Alison: "Winterset" is the title you're trying to remember, and I believe it comes out of the Sacco and Vanzetti trial. Anderson doesn't limit tragic scale to the nobility (although he wrote many plays about royalty: "Mary, Queen of Scots," for instance).

myraf: I'd like to see that post, too! I'm afraid I'm just beginning to put the reading list together. Much will depend on what is still in print and available in anthologies. Some playwrights and possible plays: Maxwell Anderson (Winterset), William Saroyan (Time of Your Life), Clifford Odets (Waiting for Lefty and Awake and Sing!), John Howard Lawson (Processional), George S. Kauffmann (Stage Door), Thornton Wilder (Our Town), Sherwood Anderson (Petrified Forest), Elmer Rice (Adding Machine or Street Scene), Sophie Treadwell (Machinal), Susan Glaspell (Trifles), Eugene O'Neill (the sea plays, Beyond the Horizon, Desire Under the Elms, Strange Interlude)...and examining the work of Privincetown Players, Theatre Guild, Group Theatre, Federal Theatre Project, and the Little Theatre Movement (as discussed in the pages of "Theatre Arts" magazine). Those are initial thoughts.

Alison Croggon said...

I am puzzled as to why "groping toward excellence" is Victorian and imperialist? Have we reached a time when excellence is old-fashioned and aggressive?

It's absolutely Arnoldian, Scott, and that means Victorian and imeprialist. I'll paste below a couple of pars from a talk I gave on "The Imaginative Life and the Social Responsibility of Writers", which explains what I mean; you might find the essay interesting itself (it's online here:

The humanistic western tradition of art, a tradition which has not yet died despite many attempts on its life, maintains the opposite. Perhaps the Victorian poet Matthew Arnold sums up this tradition best: in 1860, he influentially defined culture as being “the best knowledge and thought of [its] time”. To Arnold, culture was a force which palliated the brutalising realities of modern urban existence and which was, in every sense of the word, “above” it. But, as Edward Said has demonstrated in his remarkable and necessary studies, Orientalism and Culture and Imperialism, this idea of culture is by no means separable from the worlds of mercantile or imperial power within which it existed. By reinforcing European culture and art as central and the culture of the rest of the world as “inferior”, and more importantly, by appropriating to itself the right to know and represent the Other (by which I mean all marginalised peoples: women, “inferior” races and cultures, the poor, the insane), culture was as important an instrument of wordly power as the armies of the British Empire.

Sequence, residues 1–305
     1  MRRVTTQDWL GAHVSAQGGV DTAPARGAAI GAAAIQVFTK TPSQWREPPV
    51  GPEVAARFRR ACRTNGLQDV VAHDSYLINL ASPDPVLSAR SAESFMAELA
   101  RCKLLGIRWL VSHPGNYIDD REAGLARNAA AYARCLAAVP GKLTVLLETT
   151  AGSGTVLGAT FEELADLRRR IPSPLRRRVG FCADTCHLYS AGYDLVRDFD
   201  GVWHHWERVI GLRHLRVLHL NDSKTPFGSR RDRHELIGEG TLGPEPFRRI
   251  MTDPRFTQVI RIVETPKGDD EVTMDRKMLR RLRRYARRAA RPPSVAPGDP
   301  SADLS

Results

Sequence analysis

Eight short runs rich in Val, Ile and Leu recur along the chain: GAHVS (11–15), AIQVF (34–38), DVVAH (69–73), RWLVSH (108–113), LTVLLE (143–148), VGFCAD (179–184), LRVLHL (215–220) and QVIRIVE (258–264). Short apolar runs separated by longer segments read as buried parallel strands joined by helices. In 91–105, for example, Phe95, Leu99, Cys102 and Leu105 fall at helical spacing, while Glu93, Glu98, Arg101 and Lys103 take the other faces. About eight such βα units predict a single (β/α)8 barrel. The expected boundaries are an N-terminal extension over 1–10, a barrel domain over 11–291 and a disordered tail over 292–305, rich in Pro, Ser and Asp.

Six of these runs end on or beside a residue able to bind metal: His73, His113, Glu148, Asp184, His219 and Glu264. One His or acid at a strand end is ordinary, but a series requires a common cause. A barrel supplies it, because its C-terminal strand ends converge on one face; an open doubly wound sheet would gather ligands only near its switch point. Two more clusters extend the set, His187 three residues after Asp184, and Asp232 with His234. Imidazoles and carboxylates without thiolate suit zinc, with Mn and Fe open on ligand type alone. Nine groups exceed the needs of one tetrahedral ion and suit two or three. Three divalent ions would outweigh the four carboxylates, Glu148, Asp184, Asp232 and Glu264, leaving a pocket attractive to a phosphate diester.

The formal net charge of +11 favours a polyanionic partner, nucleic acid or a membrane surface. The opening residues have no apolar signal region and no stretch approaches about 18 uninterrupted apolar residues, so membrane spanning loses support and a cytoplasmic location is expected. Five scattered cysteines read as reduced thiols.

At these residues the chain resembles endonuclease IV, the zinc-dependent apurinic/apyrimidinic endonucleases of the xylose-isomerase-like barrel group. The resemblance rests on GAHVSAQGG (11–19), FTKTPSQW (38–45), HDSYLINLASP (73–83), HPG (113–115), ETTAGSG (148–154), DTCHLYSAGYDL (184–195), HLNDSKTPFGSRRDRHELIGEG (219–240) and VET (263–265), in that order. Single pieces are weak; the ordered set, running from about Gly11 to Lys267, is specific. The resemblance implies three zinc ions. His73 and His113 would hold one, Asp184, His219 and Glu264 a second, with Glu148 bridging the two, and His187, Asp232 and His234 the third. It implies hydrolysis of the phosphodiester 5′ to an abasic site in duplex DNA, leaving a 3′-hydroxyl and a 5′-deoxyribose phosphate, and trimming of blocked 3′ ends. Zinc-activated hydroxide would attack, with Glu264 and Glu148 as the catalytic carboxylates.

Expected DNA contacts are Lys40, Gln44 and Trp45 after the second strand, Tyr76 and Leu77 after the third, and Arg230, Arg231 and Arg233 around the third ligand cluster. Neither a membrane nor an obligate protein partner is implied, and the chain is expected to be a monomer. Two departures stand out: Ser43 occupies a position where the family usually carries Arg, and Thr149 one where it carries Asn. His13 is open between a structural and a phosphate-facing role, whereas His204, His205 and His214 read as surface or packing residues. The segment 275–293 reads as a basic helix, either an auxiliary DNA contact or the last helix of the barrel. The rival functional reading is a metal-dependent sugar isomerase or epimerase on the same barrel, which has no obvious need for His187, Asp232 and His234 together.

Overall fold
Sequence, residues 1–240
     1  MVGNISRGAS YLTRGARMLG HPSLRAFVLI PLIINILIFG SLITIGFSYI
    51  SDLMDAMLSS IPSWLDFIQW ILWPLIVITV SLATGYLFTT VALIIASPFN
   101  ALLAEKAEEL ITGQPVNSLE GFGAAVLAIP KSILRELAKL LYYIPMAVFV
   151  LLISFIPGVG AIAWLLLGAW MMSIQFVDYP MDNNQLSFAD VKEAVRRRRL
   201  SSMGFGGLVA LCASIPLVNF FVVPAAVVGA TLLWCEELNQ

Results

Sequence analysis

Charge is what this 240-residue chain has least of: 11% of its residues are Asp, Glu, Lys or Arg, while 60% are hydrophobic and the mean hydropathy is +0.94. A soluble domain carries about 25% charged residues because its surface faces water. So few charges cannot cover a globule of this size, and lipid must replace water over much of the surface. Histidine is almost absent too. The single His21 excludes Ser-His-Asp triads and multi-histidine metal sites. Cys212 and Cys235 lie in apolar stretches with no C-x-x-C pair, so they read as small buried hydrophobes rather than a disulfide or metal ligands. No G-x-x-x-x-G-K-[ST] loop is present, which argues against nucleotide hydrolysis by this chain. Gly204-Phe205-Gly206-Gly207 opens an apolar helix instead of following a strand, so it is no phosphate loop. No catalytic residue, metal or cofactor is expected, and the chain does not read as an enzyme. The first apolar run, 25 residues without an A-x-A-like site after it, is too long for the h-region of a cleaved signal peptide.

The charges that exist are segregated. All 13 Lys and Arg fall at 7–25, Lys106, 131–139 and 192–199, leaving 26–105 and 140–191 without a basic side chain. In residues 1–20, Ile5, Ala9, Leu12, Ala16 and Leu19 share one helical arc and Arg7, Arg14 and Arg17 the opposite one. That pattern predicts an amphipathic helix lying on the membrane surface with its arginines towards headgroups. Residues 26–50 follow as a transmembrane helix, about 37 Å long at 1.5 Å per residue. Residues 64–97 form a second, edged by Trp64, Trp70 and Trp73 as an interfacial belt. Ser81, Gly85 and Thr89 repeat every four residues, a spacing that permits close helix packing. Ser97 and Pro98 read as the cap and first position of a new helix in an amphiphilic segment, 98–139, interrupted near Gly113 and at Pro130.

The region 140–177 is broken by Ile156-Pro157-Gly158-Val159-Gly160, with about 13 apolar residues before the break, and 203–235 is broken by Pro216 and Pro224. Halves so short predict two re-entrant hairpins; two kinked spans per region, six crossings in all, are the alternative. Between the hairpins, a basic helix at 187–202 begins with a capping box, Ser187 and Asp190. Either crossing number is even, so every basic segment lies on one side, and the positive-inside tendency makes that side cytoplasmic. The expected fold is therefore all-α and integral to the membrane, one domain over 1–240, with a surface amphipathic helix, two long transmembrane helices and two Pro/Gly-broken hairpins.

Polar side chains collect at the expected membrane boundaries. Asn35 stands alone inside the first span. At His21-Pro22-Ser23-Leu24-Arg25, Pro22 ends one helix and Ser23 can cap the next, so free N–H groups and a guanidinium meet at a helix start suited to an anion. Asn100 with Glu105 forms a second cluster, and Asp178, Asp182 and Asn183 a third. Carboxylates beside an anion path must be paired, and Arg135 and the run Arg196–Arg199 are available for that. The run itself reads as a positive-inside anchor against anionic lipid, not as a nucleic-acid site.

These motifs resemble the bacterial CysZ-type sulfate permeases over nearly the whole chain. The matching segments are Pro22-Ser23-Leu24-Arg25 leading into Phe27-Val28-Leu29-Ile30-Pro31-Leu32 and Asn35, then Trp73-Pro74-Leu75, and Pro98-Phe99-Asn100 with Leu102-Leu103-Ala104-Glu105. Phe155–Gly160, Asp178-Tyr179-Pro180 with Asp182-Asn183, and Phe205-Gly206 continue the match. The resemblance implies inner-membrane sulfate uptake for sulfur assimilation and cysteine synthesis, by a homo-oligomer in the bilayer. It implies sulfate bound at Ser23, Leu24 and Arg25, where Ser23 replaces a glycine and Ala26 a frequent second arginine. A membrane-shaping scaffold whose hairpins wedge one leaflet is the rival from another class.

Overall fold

In his conclusion to Culture and Anarchy, Arnold identified culture, “the best knowledge and thought”, with the State. “Culture,” he said, “is the most resolute enemy of anarchy, because of the great hopes and designs for the State which culture teaches us to nourish”. He opposed strikes or protests, no matter how justifiable, on these grounds: the State, as the embodiment of “the best”, was, as he said, “sacred”. And he wholeheartedly approved of the brutal repression of rebellions against the British Empire by the native populations of Ireland and India. By his lights, they were not only irrational but blasphemous.

John Branch said...

(I wrote, but apparently lost, an answer earlier. Now I'm trying again, in minutes stolen from work.)

I'm sure my comments on tragedy could be better worded. As for the ideas, they're influenced by my reading of George Steiner's _Death of Tragedy_. I don't have it at hand, but in a quick search I found a quotation on Amazon: the tragic worldview shows us that "necessity is blind and man's encounter with it shall rob him of his eyes, whether in Thebes or in Gaza."

As for my examples, they were named off the cuff. To continue with them, though, the view I'm talking about arises not for one character by the end of the action but from a viewer's grasp of the whole play: the situation Antigone is put in as well as what Creon eventually learns; the Lear of Acts I-IV as well as the Lear of Act V; what happens to Rosencrantz and Guildenstern as well as to Hamlet.

Implacable fate, blind necessity, the random turns of the wheel of fortune, man's own imperfect and imperfectible nature--the phrases are familiar enough that they may sound like clich├ęs, but these are the elements of tragedy that I'm thinking of.

Scott Walters said...

Alison -- I have encountered your dislike of Matthew Arnold before, and I find I cannot share it. Lionel Trilling is my critical idol, and he was an Arnoldian. First of all, I don't know enough about Arnold's politics to comment, but I don't find his politics particularly relevant to his criticism, in the same way that I don't find Ezra Pound's politics relevant to his poetry. To condemn Arnold for the fact that his ideas may have been used by others to suppress other people is like condemning fire because it has been used to burn libraries. His idea of the best that has been written and thought is hierarchical, true, but I don't find that it is possible to disconnect oneself from hierarchy; for me, the key is to be explicit about what values underlie the hierarchy.